MoCo: Convenience with a conscience

MoCo Market A friend of mine is an assistant manager at a great new convenience store called MoCo Market. What makes it great? It focuses on providing healthy alternatives to people on the go, offers products made either locally, independently, or conscientiously, and promotes alternative transportation: pedestrians and cyclists (it’s hard to believe that walking is actually considered “alternative transporation” when we’ve been doing it since we climbed down from the trees however many millions of years ago).

MoCo Market is also Green Restaurant Certified. This means that MoCo practices environmentally sustainable methods in everything it does, from using energy wisely to reducing waste and clutter, and to providing healthier ingredients in its menu.

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Gas boycotts are ineffective

I’m a little late on this one, but there is no evidence that not buying gas for a day would make a huge impact on gas prices. This Cyclelicious article explains where the real impact would be felt: the station owners and employees. Snopes better explains how this scheme would not work. The fact is that there are many factors that go into gas prices. Furthermore, by not buying gas on one day, you would still have to buy gas on the day before or after anyway; you would still buy gas.

A better way to not give into the price of gas is to travel smartly. When traveling by car, try to accomplish several errands in one trip. Better yet, try to avoid driving: walking and bicycling are great ways to get exercise and to avoid using gas at all. Finally, try to use public transportation, which costs less and promotes better use of fuel use.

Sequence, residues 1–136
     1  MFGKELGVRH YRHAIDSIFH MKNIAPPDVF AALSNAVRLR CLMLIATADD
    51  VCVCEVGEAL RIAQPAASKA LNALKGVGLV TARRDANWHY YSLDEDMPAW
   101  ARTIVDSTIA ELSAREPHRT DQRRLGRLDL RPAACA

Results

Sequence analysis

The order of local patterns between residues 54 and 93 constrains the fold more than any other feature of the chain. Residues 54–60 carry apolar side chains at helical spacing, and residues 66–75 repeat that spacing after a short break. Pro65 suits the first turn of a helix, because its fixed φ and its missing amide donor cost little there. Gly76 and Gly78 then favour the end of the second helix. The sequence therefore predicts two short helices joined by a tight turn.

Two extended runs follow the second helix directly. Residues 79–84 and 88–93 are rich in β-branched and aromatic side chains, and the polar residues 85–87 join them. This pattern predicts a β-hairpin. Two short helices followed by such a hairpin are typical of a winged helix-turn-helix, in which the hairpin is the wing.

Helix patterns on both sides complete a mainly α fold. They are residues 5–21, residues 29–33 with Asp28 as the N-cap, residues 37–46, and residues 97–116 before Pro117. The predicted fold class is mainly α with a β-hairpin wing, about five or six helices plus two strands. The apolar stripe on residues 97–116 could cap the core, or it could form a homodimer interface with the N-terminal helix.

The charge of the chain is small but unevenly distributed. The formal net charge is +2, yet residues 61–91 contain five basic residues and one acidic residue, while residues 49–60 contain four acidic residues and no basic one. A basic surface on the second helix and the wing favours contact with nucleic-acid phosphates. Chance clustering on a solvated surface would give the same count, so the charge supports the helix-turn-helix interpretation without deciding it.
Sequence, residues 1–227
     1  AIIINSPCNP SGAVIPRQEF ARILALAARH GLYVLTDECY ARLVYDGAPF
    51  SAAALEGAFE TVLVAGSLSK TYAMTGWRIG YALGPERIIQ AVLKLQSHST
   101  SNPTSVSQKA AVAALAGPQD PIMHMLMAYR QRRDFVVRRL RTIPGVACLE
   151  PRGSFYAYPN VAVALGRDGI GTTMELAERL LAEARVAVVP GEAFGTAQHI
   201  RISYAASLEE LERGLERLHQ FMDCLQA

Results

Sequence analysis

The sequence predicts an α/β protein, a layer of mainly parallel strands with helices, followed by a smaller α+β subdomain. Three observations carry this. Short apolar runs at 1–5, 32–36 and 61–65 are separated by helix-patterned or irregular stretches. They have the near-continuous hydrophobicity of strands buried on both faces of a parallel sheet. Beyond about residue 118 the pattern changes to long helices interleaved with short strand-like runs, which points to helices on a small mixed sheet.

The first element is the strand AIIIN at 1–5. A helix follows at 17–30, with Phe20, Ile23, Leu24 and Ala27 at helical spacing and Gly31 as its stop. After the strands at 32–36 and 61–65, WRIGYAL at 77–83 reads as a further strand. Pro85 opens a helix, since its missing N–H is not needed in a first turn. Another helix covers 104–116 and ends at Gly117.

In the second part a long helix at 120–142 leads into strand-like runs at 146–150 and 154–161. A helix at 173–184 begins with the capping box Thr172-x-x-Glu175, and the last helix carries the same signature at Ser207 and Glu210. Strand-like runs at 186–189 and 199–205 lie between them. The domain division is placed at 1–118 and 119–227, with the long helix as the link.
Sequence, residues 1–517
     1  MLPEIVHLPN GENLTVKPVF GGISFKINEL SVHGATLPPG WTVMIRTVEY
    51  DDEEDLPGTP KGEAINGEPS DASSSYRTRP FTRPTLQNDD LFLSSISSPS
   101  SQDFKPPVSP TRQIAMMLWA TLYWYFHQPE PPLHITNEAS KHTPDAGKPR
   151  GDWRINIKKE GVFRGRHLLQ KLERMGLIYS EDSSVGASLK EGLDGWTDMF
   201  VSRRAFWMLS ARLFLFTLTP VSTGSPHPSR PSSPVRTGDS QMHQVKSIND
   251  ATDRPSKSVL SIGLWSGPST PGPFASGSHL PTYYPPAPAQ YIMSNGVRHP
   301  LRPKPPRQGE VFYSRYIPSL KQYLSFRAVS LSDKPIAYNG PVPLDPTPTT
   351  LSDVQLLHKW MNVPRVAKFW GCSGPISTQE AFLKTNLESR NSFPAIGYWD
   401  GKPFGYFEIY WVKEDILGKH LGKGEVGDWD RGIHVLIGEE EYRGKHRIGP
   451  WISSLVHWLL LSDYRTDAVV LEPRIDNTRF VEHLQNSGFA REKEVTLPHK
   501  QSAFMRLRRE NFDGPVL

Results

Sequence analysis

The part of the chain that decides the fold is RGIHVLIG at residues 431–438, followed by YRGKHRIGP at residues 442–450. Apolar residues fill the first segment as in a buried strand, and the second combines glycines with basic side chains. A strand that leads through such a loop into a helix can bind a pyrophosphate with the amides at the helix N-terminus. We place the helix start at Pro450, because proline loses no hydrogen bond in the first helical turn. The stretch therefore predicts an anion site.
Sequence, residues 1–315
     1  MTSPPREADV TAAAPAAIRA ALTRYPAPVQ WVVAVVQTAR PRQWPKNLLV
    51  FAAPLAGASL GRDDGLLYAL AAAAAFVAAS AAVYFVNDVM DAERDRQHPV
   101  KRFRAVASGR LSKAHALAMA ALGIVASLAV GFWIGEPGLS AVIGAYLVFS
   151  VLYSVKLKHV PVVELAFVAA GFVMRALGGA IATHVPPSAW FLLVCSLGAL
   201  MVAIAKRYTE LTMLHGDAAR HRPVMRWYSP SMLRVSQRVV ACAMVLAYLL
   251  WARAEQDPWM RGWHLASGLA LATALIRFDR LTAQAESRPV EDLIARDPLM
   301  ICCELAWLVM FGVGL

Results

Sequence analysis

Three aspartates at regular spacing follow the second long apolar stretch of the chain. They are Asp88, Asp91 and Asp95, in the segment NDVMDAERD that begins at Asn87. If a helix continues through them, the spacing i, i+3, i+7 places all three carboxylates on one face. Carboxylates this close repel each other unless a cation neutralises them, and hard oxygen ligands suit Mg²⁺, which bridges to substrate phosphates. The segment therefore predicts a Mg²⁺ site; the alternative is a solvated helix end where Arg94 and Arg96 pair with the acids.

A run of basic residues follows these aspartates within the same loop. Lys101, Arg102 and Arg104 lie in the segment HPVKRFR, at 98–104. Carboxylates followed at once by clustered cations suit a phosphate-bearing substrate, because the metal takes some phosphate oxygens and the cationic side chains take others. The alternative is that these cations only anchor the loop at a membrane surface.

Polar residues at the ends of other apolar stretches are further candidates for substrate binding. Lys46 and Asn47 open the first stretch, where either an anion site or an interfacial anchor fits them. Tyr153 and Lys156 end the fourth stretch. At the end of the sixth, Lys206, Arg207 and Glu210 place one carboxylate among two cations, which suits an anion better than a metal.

I especially like bicycling: it’s a great way to exercise and it’s faster than walking. Just follow all traffic laws and learn to share the road with cars.

I want to ride my bicycle

Like most kids, I grew up riding a bicycle. I was fortunate in a sense, because I had a relatively safe place to ride (that is, I didn’t have to deal with motor vehicle traffic all the time). I stopped riding when I was 18 or 19 for a host of reasons (okay, excuses). When I moved a few years ago, I realized that the city tried to make it a friendly city for bicycles (and at some level, it has done a good job). But it wasn’t until last month that I decided to buy and ride a bicycle again.

As always, I started with the most important questions: why should I get a bicycle, and what kind of riding will I do?

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